Forward an Anthropological Perspective of Alzheimer’s Disease: The Symbolic Meanings of Memory Loss in a Commemoration Society

  • Abstract:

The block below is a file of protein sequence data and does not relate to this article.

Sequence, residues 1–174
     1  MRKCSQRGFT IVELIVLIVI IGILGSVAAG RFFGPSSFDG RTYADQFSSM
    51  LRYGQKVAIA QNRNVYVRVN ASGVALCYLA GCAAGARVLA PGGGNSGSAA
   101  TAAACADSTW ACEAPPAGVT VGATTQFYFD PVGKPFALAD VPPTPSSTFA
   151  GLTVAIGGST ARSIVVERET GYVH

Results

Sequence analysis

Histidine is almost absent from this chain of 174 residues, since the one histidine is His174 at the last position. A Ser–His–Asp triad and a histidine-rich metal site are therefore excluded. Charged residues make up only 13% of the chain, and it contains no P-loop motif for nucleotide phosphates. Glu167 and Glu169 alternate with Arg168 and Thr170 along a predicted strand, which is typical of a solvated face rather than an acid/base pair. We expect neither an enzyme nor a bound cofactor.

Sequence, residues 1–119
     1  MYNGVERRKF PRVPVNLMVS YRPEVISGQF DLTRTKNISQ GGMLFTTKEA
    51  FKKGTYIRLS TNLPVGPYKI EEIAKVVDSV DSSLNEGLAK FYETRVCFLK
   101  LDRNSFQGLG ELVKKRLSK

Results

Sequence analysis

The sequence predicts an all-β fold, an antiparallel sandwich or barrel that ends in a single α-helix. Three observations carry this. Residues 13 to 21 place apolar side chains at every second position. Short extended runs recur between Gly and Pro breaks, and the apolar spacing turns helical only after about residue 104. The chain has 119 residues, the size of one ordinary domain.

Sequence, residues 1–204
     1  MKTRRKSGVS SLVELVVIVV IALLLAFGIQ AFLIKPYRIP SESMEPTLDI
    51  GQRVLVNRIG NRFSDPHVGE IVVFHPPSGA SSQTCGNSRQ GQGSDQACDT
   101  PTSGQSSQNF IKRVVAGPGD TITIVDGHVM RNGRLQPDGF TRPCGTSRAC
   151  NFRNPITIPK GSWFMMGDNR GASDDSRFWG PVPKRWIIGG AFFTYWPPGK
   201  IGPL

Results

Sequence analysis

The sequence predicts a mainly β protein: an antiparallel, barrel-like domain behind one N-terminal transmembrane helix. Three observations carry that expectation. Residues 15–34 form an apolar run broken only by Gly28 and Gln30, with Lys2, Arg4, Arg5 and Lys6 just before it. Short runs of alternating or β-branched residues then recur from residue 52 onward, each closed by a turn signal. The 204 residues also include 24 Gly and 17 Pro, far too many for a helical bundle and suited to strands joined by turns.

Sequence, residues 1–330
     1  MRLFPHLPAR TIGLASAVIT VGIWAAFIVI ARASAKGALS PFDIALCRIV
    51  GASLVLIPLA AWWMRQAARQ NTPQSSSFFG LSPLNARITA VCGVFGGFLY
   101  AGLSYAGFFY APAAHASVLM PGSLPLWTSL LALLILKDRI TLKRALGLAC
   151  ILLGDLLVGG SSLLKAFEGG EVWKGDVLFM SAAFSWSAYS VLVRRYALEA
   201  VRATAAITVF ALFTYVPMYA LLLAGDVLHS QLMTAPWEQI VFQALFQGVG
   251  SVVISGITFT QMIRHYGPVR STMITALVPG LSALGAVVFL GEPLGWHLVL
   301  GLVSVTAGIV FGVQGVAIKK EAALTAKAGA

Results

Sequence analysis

This intervention is based on some reflections from an ethnographical research about the cultural meanings of aging, dementia and memory loss in Alzheimer’s disease in contemporary society. In the common sense and in the classification of diagnosis, aging and dementia are considered as one of the dramatic and disturbing experiences of human condition. This work aims to explain the cultural reasons of this apocalyptic scenario considering the cultural meaning of memory loss in a society which defines its collective identity in historical et memorial terms, mostly by the political performances of commemoration. By the description and analysis of a particular commemoration ceremony of the very recent event of terrorism attack in Paris on January 2015, I would like to demonstrate that the commemoration practice in not really based on the historical objectivity of the past event but rather on a political performance promoting the mythisation of it, in order to reinforce the social cohesion around a dominant system of values at the bottom of collective identity. This argument allows concluding that in the contemporary commemoration society which defines the collective identity on the memory and memorial practices, the person suffering Alzheimer’s disease and memory dysfunction is not fully considered like a legitimate member of the social group.